Holography Oversold?

Warning: this post is about a subject I know a tiny tiny bit about. I suspect I will have to update it once I get irrate emails pointing out my horrible misunderstandings.

Roman Buniy and Stephen Hsu (both from the University of Oregon…quack, quack…the mascot of UofO is the Duck!) cross listed an interesting paper to quant-ph today: hep-th/0510021: “Entanglement entropy, black holes and holography.” (Steve posted about it on his blog) As many of you know, the idea of holography is that the number of degrees of freedom of a region of our universe scales proportional to the area of surface of the region. This strange conjecture is extremely interesting, and bizarre, because it raises all sorts of questions about how such theories work (I especially have problems thinking about locality in such theories, but hey that’s just me.) One line of evidence for the holographic principle comes from black hole physics. One can formulate a thermodynamics for black holes, and this thermodynamics gives an entropy for a black hole which is proportional to its area. Another interesting fact is the AdS/CFT correspondence which shows an equivalence between a certain quantum gravity theory in an anti-deSitter universe and a conformal field theory on the boundary of this space: i.e. quantum gravity in this space can be described by a theory on the surface of the space, a holographic theory, so to speak. Indeed, the fact that certain string theories have black holes which have a holographic number of degrees of freedom is taken as evidence that string theory might be consistent with our universe.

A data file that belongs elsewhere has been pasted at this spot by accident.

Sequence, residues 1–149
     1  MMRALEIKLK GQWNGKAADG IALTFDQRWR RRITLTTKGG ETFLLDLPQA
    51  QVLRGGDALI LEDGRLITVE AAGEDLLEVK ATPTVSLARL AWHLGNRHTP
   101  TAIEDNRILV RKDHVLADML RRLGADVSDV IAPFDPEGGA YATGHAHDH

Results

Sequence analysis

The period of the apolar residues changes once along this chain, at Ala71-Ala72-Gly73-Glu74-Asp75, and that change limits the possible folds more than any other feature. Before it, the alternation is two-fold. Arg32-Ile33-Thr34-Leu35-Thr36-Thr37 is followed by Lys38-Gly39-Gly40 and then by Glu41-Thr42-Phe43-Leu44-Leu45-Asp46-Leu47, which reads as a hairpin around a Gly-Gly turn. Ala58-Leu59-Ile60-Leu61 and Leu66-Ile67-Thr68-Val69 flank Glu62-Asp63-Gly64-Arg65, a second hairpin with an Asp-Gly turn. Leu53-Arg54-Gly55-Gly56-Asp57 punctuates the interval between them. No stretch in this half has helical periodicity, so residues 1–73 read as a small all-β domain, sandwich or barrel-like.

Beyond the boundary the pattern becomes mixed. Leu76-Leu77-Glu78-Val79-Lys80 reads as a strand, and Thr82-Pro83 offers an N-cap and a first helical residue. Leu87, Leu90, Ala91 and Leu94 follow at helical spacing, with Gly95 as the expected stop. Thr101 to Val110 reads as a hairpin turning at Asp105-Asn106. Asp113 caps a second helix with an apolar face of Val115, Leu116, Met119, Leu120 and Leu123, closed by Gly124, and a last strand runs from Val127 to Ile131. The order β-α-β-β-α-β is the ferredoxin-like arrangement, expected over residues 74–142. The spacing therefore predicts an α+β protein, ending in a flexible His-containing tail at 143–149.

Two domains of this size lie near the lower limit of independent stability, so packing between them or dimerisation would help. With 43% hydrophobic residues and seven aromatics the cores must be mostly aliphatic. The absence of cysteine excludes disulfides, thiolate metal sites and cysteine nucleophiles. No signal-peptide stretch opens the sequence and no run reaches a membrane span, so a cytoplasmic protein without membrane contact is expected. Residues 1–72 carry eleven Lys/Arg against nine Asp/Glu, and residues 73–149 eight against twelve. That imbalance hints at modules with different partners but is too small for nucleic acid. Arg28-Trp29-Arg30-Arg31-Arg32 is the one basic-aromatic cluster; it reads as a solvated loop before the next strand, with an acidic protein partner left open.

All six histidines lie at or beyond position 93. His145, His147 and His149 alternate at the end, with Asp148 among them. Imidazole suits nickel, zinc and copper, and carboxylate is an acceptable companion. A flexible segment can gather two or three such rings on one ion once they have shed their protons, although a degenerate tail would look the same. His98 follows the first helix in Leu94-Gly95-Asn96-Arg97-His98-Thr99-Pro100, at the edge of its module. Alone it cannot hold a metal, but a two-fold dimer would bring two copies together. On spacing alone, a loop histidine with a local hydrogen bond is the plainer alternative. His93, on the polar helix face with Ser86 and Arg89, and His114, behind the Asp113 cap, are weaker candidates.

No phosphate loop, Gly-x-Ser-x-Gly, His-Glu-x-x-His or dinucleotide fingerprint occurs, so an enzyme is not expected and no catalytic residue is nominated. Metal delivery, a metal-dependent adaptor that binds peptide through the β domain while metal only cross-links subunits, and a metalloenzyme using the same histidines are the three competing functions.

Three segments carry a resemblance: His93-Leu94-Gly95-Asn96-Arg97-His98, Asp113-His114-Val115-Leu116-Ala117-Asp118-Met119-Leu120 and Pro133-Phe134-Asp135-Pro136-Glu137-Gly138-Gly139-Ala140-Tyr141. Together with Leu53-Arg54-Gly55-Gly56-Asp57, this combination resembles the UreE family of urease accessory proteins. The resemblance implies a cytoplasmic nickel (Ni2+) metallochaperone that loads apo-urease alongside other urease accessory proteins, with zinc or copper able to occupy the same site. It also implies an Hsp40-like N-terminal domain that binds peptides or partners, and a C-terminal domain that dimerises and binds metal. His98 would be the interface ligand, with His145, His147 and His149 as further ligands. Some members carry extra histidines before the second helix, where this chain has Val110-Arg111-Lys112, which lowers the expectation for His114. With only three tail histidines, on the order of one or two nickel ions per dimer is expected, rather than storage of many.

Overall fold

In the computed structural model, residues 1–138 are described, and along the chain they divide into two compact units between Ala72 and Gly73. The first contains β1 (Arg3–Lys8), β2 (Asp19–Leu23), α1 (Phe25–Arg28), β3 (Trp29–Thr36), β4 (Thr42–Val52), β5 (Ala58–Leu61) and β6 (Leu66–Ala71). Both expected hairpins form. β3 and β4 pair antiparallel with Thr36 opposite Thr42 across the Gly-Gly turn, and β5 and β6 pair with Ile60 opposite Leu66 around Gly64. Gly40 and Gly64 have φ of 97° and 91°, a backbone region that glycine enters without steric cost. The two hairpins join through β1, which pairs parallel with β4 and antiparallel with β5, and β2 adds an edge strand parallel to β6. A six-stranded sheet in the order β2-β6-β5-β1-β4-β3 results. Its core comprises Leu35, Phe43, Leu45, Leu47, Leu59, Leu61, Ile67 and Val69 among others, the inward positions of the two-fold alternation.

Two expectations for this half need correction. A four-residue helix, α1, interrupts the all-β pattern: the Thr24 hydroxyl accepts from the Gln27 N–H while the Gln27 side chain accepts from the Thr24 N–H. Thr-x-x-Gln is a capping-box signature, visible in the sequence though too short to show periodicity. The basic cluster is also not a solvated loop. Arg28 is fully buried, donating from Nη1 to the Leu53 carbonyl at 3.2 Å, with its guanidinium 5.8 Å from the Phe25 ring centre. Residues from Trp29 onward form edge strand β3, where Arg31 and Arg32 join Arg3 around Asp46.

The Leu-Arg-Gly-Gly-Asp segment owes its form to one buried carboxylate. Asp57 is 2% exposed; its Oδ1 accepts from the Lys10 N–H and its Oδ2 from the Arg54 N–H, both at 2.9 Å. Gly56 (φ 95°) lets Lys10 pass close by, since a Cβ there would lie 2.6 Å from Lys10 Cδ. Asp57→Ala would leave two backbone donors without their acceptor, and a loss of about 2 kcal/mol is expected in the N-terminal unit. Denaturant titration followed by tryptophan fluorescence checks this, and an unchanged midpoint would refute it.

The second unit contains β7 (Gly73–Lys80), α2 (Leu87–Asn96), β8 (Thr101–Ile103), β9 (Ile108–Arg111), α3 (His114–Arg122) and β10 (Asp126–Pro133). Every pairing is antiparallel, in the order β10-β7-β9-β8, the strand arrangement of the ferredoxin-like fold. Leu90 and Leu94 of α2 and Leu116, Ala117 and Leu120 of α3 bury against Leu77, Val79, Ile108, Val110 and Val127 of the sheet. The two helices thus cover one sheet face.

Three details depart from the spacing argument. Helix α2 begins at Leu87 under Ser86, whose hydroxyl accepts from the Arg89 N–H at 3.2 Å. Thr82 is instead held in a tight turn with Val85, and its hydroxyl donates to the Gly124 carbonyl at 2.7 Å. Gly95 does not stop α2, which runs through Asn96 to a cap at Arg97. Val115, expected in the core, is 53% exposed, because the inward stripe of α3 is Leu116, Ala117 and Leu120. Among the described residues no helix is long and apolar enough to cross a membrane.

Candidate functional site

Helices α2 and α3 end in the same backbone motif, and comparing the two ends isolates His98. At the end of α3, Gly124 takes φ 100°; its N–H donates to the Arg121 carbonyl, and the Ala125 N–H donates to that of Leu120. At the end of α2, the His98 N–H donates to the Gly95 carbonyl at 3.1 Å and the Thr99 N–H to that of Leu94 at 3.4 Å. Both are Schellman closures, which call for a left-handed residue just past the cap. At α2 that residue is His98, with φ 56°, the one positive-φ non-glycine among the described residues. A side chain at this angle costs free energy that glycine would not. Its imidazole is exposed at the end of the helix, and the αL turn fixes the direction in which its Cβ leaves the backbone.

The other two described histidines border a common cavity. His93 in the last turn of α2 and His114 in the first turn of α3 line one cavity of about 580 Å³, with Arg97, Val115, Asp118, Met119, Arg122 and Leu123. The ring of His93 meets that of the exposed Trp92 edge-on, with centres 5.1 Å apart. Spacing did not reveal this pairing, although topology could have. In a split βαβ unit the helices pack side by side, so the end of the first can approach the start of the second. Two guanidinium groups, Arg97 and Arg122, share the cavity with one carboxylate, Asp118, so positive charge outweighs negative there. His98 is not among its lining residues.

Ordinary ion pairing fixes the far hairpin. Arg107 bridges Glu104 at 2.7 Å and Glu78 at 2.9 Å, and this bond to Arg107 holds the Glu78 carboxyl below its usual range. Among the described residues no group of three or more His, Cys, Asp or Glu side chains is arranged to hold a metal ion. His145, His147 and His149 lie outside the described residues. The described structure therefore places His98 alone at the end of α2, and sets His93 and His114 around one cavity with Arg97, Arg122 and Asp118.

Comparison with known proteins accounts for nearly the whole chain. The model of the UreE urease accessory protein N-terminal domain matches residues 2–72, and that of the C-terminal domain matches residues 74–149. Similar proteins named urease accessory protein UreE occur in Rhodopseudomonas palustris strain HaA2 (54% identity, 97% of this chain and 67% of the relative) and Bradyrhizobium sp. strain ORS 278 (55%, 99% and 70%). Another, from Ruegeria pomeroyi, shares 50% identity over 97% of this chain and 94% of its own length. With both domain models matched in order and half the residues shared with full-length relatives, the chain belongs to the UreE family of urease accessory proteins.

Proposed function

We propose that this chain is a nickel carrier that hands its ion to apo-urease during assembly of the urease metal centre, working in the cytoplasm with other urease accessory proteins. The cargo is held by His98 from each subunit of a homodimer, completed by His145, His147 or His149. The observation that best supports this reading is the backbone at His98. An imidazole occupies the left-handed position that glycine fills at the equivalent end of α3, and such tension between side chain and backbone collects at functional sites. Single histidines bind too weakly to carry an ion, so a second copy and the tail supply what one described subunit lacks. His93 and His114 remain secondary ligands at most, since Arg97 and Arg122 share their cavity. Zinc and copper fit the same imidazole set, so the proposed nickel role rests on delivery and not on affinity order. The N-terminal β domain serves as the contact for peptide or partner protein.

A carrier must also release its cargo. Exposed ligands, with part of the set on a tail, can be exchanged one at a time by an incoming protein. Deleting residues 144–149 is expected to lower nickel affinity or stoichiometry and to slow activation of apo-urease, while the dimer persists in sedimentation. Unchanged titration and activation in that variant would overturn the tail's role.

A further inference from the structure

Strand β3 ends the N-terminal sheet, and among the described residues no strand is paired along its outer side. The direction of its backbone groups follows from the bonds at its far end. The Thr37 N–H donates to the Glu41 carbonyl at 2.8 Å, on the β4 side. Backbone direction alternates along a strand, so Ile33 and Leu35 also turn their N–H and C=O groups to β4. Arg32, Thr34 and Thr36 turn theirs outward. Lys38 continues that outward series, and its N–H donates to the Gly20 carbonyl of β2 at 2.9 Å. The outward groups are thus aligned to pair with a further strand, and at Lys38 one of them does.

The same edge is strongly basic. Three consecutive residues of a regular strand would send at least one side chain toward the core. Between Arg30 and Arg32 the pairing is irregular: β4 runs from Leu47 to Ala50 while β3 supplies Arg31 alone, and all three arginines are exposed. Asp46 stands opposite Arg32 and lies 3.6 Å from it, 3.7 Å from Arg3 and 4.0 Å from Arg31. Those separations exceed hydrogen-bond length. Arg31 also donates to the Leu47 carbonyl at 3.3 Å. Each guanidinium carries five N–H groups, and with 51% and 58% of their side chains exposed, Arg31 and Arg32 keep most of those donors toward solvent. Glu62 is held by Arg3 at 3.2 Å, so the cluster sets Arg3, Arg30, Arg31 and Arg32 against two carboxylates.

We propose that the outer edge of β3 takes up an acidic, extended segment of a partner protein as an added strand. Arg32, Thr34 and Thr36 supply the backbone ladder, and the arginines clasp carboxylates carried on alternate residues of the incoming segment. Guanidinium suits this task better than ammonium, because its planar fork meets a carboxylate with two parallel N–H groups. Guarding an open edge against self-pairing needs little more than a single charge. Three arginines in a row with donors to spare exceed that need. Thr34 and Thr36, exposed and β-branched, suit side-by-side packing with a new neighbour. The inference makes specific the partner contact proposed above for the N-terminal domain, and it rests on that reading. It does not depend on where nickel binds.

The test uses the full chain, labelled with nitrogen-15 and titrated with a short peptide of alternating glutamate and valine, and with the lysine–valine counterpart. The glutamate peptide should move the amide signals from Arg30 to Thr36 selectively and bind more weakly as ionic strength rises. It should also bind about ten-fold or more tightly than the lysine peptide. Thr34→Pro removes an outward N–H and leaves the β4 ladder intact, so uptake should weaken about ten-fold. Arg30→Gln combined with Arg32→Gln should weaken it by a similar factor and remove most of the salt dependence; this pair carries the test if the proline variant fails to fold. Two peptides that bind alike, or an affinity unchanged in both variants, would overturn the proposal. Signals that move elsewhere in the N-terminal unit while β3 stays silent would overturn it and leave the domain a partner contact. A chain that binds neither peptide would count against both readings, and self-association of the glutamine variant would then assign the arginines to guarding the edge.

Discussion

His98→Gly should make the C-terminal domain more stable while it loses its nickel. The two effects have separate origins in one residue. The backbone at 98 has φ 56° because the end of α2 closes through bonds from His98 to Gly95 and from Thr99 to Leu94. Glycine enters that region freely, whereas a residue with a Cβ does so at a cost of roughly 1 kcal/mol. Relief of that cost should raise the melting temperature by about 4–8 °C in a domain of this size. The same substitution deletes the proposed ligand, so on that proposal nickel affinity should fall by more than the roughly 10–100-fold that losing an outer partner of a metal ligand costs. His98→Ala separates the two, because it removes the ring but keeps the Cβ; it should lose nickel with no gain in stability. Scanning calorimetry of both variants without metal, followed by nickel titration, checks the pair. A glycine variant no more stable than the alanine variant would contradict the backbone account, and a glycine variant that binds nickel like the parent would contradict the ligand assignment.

What Buniy and Hsu suggest in their paper is that the holographic bound is not a bound on the degrees of freedom of our theory of the universe, but that instead, the holographic bound should be thought about as a bound on entropy of a region in the presence of gravity. They point out that if you take gravity away, then the scaling of the degrees of freedom scales like the volume (although, if you take the ground state of a local quantum field theory, then this particular state has an entropy which scales like the area: such states that Buniy and Hsu consider are therefore necessarily not ground states of such theories. But this doesn’t mean that they don’t exist or that we can’t construct such states.) They then argue that if, on the other hand, you want to avoid gravitational collapse, then this requirement precludes such states, and indeed gives you states whose entropy scales like the area. What Buniy and Hsu seem to be arguing is that while one does obtain entropies which scale like the area using these arguments about black holes, this doesn’t imply that the degrees of freedom of the underlying theory must scale as the area.

One might wonder whether there is a difference between having an entropy scaling like the area and the degrees of freedom scaling like the area. Well certainly there would be for an underlying theory of quantum gravity: presumably different degrees of freedom can be accessed which give the same area scaling, but which represent fundamentally different physical settings. So, for example, I can access some of these degrees of freedom, and as long as I don’t create a black hole, these degrees will be as real for me as they can be. But if I try to access them in such a manner that I create a black hole, I will only see the effective degrees of freedom proportional to the area of the black hole.